Home Law & Order Court Orders Final Forfeiture of Okorocha’s Property to Imo government

Court Orders Final Forfeiture of Okorocha’s Property to Imo government

An Imo State High Court sitting in Owerri has ordered final forfeiture of all property of former Governor Rochas Okorocha to the state government.

The presiding judge, Justice Fred Njemanze, who was sitting as a vacation judge, in his judgment, yesterday, said Okorocha failed to give concrete and verifiable reasons why a final and absolute forfeiture order should not be given in favour of the Imo State government.

The judge insisted that Okorocha did not convince the court why the forfeiture should not be made absolute and final.

The forfeited property are contained in Pages 226 to 272 of the Imo State Government White Paper report by a Judicial Commission of Enquiry on Recovery of Lands and other related matters.
Justice Njemanze, who added that the suit filed against the state government by Okorocha’s counsel was not properly filed, maintained that the white paper gazette by the Imo State Government is a legal binding document.

But in a swift reaction, the lead counsel to the former governor, Oba Maduabuchi, held that they would appeal the judgment, maintaining that there could have been adoption of the matter, which was not held.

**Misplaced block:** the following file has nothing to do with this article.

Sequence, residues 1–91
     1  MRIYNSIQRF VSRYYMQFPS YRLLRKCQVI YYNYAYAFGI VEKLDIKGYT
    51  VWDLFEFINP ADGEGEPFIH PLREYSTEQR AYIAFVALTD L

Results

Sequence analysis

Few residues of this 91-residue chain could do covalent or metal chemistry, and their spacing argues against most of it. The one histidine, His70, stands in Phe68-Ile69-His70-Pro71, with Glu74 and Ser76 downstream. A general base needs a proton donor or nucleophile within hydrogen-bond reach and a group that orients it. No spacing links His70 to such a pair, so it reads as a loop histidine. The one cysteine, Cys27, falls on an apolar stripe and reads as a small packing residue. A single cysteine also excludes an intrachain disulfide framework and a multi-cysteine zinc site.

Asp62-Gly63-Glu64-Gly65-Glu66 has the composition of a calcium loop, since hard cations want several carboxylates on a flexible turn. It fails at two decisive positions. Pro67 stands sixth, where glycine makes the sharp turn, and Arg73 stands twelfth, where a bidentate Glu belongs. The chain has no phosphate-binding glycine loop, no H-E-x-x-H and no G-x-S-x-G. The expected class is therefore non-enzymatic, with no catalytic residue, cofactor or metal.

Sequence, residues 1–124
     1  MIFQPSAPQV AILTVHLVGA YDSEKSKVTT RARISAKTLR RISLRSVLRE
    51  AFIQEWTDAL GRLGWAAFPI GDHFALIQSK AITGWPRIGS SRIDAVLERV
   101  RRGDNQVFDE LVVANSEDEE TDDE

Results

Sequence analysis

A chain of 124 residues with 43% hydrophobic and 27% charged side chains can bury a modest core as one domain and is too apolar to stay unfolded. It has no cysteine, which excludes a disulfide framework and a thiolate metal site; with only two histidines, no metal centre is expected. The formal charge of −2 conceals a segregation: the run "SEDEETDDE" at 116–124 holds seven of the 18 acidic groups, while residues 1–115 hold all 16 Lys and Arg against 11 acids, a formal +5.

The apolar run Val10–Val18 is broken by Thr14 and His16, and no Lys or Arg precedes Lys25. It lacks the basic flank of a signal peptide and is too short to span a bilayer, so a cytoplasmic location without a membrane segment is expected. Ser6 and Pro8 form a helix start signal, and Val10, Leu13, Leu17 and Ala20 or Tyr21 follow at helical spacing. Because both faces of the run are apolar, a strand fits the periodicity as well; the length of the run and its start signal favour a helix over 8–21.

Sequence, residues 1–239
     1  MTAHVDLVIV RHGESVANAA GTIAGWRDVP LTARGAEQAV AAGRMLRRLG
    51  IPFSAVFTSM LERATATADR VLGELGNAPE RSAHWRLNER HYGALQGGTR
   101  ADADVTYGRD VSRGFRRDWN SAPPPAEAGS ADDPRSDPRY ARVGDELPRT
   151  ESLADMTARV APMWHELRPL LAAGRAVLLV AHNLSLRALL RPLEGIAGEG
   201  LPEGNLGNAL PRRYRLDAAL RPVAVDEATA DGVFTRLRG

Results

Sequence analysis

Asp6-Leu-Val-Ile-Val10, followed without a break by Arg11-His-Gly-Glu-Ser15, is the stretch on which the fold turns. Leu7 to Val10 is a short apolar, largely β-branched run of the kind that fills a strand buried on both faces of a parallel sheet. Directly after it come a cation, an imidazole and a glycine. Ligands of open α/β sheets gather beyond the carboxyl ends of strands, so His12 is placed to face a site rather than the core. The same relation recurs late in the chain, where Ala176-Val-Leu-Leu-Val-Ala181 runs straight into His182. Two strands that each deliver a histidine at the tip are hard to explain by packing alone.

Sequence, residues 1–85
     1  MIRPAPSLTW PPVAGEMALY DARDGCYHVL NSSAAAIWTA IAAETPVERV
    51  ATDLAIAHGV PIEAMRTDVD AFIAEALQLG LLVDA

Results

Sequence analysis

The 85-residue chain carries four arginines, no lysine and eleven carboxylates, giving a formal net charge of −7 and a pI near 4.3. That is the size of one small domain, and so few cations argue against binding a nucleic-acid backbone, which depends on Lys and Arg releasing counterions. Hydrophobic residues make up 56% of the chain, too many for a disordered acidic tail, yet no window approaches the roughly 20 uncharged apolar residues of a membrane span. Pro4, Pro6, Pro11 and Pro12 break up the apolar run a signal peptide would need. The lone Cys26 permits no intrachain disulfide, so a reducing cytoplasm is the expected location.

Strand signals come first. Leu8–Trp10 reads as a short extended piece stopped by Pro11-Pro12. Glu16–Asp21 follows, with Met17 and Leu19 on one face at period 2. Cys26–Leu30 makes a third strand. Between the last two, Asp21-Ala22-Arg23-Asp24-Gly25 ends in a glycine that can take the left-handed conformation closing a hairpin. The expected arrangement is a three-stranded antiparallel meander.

He said: “How can you ask me to come for adoption and you don’t sit and on Monday, you give him judgment on the matter you said I should come and adopt on Friday and you did not sit. Does it make sense to you?”

A few months ago, the retired Justice Florence Duruoha-Igwe panel had recommended forfeiture of property hitherto belonging to Okorocha to the Imo State Government.

Dissatisfied by the panel’s recommendation and white paper, Okorocha filed a suit to challenge it.

While Maduabuchi led Okorocha’s counsel, Louis Alozie led Imo State Government lawyers in the case.

Besides, Justice Njemanze had in February 26, 2021, given an interim order of forfeiture of the said property.

Maduabuchi, fielding questions from journalists after the judgment, said they were not satisfied with the judgment, stressing: “There is no way I will allow this level of perfidy. Even, a two-year old lawyer knows that the judgment cannot stand.”

He maintained that the judge had admitted that over 47 cases pending in other courts initiated by Okorocha were transferred to Njemanze’s court.

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